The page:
Re: Science Education and the Church

From: george murphy (
Date: Tue May 21 2002 - 17:29:19 EDT

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    Walter Hicks wrote:

    > george murphy wrote:
    > >
    > > Or
    > > 4.) God is continually active in the world but limits his
    >action to what can be
    > > accomplished through lawful (including statistical laws) natural
    >processes. Thus
    > > the natural world viewed by itself, without any theological
    >presuppositions, can be
    > > understood without reference to God.
    > >
    > > 4 is the answer suggested by a Christian (as
    >distinguished from a merely
    > > theistic) view of divine action.
    > Nice outlook, George. I think that I have seen you express this before.
    > I have 2 questions:
    > 1.) Why is this "Christian" as opposed to "theistic"?

             I think the easiest way to see this is to look at most other
    religious approaches
    to evolution & to divine action in general. What do they say that
    could not be said by
    people of many other faiths as well as by Christians?

    > 2.) This then says that the process is not random, which is a
    > _contradiction_ of the theory of evolution as stated.

             There is no guidance of evolution & no purpose for the
    process that can be
    discerned within the natural world. This does not mean that such
    guidance and purpose
    cannot be seen when natural processes are viewed in a larger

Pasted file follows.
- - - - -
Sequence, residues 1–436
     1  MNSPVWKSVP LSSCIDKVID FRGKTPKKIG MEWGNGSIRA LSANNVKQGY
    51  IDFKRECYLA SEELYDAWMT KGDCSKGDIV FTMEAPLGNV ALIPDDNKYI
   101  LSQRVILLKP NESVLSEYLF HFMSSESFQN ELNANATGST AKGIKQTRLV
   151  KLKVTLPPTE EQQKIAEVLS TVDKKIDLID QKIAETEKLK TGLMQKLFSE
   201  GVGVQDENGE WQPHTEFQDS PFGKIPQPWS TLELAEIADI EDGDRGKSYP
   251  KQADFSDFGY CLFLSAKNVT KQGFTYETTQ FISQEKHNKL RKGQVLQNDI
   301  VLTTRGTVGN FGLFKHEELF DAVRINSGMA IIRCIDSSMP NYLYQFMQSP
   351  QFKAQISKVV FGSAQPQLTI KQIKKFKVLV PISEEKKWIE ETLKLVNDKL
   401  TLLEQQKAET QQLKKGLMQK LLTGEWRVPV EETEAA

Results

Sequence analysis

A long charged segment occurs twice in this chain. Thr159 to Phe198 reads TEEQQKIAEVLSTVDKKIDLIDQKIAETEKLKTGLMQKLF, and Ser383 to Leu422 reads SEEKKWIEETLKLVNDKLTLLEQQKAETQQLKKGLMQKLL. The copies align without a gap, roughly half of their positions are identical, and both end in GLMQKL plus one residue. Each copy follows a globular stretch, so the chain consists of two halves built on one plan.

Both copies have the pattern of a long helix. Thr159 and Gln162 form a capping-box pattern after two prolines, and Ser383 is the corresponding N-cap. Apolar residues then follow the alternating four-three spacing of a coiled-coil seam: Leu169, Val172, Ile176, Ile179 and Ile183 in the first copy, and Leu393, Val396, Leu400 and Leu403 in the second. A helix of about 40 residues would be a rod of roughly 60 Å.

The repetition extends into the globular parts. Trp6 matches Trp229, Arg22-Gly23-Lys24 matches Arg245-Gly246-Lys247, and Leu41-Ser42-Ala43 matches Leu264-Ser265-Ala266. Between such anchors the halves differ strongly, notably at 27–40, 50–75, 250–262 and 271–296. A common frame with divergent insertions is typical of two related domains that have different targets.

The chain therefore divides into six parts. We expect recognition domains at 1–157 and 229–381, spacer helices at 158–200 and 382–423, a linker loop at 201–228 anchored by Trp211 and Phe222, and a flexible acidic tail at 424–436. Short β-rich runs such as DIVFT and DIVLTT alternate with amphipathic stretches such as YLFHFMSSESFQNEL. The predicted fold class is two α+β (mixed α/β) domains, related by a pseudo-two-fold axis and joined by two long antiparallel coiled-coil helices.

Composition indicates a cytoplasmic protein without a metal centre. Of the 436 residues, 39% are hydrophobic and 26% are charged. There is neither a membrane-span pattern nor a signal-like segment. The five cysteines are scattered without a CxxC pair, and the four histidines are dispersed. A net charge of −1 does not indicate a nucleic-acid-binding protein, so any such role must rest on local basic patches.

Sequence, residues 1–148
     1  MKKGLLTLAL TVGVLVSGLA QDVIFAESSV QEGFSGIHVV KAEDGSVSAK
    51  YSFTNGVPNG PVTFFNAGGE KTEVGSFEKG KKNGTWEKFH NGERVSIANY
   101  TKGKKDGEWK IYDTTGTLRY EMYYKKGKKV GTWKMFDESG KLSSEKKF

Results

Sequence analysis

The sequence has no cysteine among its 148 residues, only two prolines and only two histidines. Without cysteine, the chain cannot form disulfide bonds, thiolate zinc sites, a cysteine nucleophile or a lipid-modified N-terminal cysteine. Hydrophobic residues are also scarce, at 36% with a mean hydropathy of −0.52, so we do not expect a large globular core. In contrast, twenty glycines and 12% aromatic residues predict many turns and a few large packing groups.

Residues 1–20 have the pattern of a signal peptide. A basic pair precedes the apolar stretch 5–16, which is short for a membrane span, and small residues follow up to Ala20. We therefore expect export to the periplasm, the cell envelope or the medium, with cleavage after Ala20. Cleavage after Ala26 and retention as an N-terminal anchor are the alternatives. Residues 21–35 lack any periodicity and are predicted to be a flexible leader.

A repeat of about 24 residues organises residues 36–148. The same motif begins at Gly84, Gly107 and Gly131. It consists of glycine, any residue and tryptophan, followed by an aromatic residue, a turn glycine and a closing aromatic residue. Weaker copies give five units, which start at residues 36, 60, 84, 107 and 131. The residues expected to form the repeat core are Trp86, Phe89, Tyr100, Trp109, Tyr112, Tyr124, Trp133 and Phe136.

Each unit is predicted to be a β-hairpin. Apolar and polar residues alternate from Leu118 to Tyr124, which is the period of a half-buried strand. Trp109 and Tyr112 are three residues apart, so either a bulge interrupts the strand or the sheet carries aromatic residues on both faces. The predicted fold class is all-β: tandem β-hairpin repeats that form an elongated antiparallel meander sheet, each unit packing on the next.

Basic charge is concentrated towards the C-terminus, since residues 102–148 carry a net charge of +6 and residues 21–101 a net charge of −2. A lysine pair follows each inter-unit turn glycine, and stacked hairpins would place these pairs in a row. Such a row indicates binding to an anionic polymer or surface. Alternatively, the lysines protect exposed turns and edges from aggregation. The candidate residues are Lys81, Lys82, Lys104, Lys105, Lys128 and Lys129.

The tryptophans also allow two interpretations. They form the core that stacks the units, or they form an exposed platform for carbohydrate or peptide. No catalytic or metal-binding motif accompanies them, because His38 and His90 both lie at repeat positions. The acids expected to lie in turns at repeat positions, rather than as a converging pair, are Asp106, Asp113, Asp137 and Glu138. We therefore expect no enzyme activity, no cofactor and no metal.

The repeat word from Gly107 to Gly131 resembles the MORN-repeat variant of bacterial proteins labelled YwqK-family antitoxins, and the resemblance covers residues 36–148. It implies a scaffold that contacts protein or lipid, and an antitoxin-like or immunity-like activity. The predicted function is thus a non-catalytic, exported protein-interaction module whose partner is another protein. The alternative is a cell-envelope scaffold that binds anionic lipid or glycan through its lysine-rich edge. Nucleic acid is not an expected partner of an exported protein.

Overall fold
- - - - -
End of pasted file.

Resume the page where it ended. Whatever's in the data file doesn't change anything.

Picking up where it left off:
theological context. Quantum
    theory & chaos mean that God has some freedom of action while still
    limiting divine action
    to cooperation with lawful natural processes.
             Ephesians 1:10 says that God's purpose in creation is to
    unite "all things" in
    Christ, so that the Incarnation is a crucial part of that purpose.
    But that needn't mean
    Incarnation in a species precisely like ours, so that bipedal
    intelligent beings needn't
    have evolved on planet earth in order for this purpose to be accomplished.
             Every hand that's dealt is random, but in the end the house
    always wins.



    George L. Murphy
    "The Science-Theology Interface"

    > I again quote what Morris has published:
    > "The essence of evolution, of course, is randomness. The evolutionary
    > process supposedly began with random particles and has continued by
    > random aggregations of matter and then random mutations of
    > genes."
    > If this is not the correct _scientific_ understanding of evolution, then
    > where is it wrong? and if it is wrong, then should it not be corrected
    > _scientifically_ (not theologically).
    > Walt
    > ===================================
    > Walt Hicks <>
    > In any consistent theory, there must
    > exist true but not provable statements.
    > (Godel's Theorem)
    > You can only find the truth with logic
    > If you have already found the truth
    > without it. (G.K. Chesterton)
    > ===================================

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